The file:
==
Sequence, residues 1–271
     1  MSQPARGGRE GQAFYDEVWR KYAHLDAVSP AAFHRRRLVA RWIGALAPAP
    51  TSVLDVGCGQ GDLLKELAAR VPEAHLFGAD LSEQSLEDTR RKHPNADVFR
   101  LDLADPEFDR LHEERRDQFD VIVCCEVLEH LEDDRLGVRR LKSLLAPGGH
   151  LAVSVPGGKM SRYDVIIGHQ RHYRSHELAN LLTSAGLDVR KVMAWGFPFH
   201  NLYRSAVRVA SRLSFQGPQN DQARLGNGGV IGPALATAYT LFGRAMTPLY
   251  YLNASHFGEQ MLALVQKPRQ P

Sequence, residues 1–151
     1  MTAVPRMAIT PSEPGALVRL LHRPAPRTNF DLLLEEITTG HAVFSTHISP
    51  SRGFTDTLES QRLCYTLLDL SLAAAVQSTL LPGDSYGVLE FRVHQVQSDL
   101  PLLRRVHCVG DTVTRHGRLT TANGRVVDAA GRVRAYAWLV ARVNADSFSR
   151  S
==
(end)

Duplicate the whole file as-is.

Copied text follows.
Sequence, residues 1–271
     1  MSQPARGGRE GQAFYDEVWR KYAHLDAVSP AAFHRRRLVA RWIGALAPAP
    51  TSVLDVGCGQ GDLLKELAAR VPEAHLFGAD LSEQSLEDTR RKHPNADVFR
   101  LDLADPEFDR LHEERRDQFD VIVCCEVLEH LEDDRLGVRR LKSLLAPGGH
   151  LAVSVPGGKM SRYDVIIGHQ RHYRSHELAN LLTSAGLDVR KVMAWGFPFH
   201  NLYRSAVRVA SRLSFQGPQN DQARLGNGGV IGPALATAYT LFGRAMTPLY
   251  YLNASHFGEQ MLALVQKPRQ P

Sequence, residues 1–151
     1  MTAVPRMAIT PSEPGALVRL LHRPAPRTNF DLLLEEITTG HAVFSTHISP
    51  SRGFTDTLES QRLCYTLLDL SLAAAVQSTL LPGDSYGVLE FRVHQVQSDL
   101  PLLRRVHCVG DTVTRHGRLT TANGRVVDAA GRVRAYAWLV ARVNADSFSR
   151  S